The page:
The State Prison

The Dutch Revolt (Eighty Years' War)

In the 16th century, the Provinces of the Low Countries were embroiled in a bitter struggle with the Spanish king. However, it wasn’t until 1568 that it turned into war – the Dutch Revolt, also known as the Eighty Years’ War.

Loevestein Castle was also involved in this battle for independence. The Spanish realized the importance of Loevestein’s strategic location and stationed their troops there. However, on 07 December 1570, a small group of Dutch buccaneers, known as the Watergeuzen (‘Sea Beggars’), cunningly managed to infiltrate the castle.

Herman de Ruyter

One cold winter’s day in December, a small group of monks arrived at Loevestein Castle’s gates asking for shelter. Arnt de Jeude, Lord of Hardinxvelt, was Loevestein’s steward in the service of the King of Spain. He welcomed the monks and offered them his hospitality.

During the meal, the monks suddenly drew the weapons they’d been concealing under their habits. Not monks, but buccaneers!

Their leader, Herman de Ruyter, took control of the castle in the name of the Prince of Orange. He showed the outwitted steward the mandate he had received from William of Orange. However, De Jeude refused to surrender, costing him and his men their lives.

Additional reinforcements then arrived boosting the Watergeuzen’s numbers to twenty-one. In the meantime, magistrates in Woudrichem and Gorinchem suspected that something was wrong at Loevestein and raised the alarm.

Alva, the Spanish troops’ commanding officer, ordered fifty soldiers to the castle under the command of Captain Perea. The Spanish took up positions around the castle and attacked. Although they quickly managed to take the outer bailey, De Ruyter and his men succeeded in defending the castle itself. Alva sent more troops and the attack intensified.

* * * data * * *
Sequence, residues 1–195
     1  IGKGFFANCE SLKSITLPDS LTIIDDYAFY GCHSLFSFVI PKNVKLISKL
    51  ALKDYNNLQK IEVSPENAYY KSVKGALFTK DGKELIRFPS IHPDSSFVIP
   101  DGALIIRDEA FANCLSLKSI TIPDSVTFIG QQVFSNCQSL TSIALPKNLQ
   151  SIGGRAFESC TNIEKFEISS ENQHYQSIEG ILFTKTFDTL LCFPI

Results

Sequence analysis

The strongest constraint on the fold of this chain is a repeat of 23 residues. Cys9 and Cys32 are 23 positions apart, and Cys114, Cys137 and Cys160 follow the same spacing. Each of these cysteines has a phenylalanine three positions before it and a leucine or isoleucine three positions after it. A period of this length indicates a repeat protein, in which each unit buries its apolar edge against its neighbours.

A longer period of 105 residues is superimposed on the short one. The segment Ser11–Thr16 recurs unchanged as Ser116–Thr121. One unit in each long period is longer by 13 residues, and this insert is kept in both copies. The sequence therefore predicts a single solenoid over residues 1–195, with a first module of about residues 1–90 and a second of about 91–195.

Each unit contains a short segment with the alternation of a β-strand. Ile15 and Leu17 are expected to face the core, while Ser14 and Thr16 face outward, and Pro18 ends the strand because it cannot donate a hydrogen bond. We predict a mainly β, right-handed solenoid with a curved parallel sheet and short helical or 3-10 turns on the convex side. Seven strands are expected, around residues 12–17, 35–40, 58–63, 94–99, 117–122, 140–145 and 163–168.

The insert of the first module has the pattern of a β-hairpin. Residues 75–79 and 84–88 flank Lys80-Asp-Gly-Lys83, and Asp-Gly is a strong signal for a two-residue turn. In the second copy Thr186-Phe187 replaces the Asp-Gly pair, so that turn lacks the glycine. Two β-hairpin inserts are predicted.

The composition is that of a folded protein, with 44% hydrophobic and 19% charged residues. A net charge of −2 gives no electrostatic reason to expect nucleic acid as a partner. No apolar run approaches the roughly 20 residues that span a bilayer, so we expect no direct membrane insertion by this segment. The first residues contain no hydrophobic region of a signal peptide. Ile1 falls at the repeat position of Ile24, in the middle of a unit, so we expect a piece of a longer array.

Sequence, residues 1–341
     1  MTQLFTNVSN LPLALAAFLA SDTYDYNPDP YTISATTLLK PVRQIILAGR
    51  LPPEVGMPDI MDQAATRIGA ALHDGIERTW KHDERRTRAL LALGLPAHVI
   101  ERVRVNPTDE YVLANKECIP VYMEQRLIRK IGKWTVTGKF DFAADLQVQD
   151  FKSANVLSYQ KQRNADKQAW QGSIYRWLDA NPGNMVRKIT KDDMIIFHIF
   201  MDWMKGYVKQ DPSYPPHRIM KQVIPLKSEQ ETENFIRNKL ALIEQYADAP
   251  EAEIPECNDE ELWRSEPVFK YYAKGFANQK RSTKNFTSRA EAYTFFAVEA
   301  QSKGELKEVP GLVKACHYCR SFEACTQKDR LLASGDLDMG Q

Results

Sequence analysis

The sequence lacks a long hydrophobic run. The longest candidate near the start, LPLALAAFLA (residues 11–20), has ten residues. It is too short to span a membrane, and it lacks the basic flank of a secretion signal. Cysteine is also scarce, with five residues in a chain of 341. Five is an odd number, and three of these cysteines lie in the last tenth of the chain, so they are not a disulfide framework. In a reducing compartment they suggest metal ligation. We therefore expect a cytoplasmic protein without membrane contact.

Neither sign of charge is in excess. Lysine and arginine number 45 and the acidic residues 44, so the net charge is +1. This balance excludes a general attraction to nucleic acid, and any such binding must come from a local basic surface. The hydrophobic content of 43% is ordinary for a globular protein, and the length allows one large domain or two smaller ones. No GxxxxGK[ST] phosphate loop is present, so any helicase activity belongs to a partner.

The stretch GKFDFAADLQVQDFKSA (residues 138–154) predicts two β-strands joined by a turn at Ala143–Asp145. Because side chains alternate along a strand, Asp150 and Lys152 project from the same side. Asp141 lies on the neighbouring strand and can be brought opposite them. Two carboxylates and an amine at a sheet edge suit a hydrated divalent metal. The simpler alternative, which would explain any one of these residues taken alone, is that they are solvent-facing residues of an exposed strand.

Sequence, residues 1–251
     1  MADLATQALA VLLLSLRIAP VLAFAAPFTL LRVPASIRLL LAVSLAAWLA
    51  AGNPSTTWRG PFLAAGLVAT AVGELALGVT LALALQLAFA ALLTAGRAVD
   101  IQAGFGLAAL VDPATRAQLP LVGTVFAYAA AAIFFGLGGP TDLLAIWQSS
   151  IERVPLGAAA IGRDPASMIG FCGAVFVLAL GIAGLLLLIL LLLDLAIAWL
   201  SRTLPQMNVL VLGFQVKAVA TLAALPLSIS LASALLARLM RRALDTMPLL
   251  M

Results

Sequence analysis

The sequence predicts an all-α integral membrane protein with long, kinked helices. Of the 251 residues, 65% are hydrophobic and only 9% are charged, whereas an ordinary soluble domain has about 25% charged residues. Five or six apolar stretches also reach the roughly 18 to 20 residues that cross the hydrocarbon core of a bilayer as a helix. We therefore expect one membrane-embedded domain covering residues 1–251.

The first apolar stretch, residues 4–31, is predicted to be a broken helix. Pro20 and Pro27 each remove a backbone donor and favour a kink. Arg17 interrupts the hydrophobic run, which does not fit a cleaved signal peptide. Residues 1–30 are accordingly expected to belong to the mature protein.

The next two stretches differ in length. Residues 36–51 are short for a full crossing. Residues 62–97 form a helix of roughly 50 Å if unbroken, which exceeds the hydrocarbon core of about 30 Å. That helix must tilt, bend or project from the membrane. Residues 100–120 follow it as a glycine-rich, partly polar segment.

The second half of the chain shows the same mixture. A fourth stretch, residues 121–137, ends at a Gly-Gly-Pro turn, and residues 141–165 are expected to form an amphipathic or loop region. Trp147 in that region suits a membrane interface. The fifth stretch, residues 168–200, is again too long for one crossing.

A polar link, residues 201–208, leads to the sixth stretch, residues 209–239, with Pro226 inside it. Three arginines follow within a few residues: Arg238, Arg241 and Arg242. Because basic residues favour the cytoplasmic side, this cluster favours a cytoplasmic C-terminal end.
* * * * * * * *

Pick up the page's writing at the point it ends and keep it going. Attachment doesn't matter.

Cannons breached the walls, the Spanish stormed the castle and a hand-to-hand battle ensued. The Spanish retook the castle the very same day and Herman de Ruyter fell in battle. His head was put on a stake for all to see in the main market square in ‘s-Hertogenbosch. His body was strung up outside Loevestein Castle for several weeks as a message to other would-be rebels. The few Watergeuzen who had survived the battle were hung from the gallows or broken on the wheel.

Loevestein – The Stronghold

The Watergeuzen’s story didn’t end here however. In 1572, the Watergeuzen succeeded in taking Loevestein for good, whereby the castle passed into state hands. William of Orange had Loevestein Castle fortified, placing ramparts around the castle and in turn a moat around the ramparts.

Soldiers lived inside the ramparts – initially in wooden barracks and later in stone houses. The castle stood bare and empty in the centre of the fort. It seemed perfect for use as a prison. Virtually every room was used as a cell and the large hall on the second floor was divided into yet more cells using wooden partitions. This hall is still called Staatsgevangenis (State Prison) to this day.

Its prisoners weren’t criminals, but state prisoners of the Republic of the Seven United Netherlands. These included political and religious dissidents, as well as prisoners of war. Its most famous prisoner was Hugo Grotius (Dutch: Hugo de Groot) who put Loevestein on the map with his spectacular escape in a book chest.